Facebook is finally on its way to becoming a public company, but are Mark Zuckerberg and crew prepared for what that truly means? Guardian columnist (and Newser founder) Michael Wolff has his doubts. "I don't think that Facebook, with its messianic ambitions and squirrelly zeal, is actually ready for the harsh light of public company life," he writes. "It has grown up in such a bubble of cultishness and doctrine, that primetime scrutiny could shortly become very uncomfortable." As a private company, Facebook has been able to stay largely "tightlipped" about everything from financing to privacy policies to its "data thirst." No more.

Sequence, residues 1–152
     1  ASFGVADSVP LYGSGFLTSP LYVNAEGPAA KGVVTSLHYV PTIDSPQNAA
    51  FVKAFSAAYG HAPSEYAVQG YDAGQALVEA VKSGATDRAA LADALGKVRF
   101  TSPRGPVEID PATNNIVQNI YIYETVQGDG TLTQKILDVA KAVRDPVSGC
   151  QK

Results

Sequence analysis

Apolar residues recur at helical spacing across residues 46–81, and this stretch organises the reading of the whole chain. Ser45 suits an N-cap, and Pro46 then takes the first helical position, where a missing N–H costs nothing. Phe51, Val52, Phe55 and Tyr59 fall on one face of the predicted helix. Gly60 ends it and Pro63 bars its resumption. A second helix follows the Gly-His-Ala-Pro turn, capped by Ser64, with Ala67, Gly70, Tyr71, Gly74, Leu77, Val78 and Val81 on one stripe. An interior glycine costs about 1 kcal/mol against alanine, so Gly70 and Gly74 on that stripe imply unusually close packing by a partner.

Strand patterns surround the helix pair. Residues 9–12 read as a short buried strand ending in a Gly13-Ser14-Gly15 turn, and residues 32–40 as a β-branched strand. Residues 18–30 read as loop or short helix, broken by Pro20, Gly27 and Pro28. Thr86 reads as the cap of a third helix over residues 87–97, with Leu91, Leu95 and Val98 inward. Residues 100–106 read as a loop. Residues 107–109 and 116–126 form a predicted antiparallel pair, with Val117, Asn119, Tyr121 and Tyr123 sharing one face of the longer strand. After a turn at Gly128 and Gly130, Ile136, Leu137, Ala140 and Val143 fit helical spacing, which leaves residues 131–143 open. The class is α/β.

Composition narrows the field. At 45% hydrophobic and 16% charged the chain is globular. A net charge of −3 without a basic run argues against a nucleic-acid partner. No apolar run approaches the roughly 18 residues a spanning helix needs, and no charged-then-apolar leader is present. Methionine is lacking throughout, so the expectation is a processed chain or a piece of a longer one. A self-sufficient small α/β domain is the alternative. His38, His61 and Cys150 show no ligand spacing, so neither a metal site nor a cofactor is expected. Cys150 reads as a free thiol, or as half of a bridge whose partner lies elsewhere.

That change will make it harder to pull off the "ultimate Facebook sell"—the notion that Zuckerberg "has created a wholly-owned internet, which can not only monitor behavior but can encourage it, and regulate it, and dominate so much of it that Facebook inevitably becomes the platform for modern life." Now it must try to complete this $100 billion quest for "universal integration" in the public eye. "It's a speculative dream and breathtaking power grab, which, in the end, I don't think they'll get away with," writes Wolff. "Granted, so far they have." Read the full column here.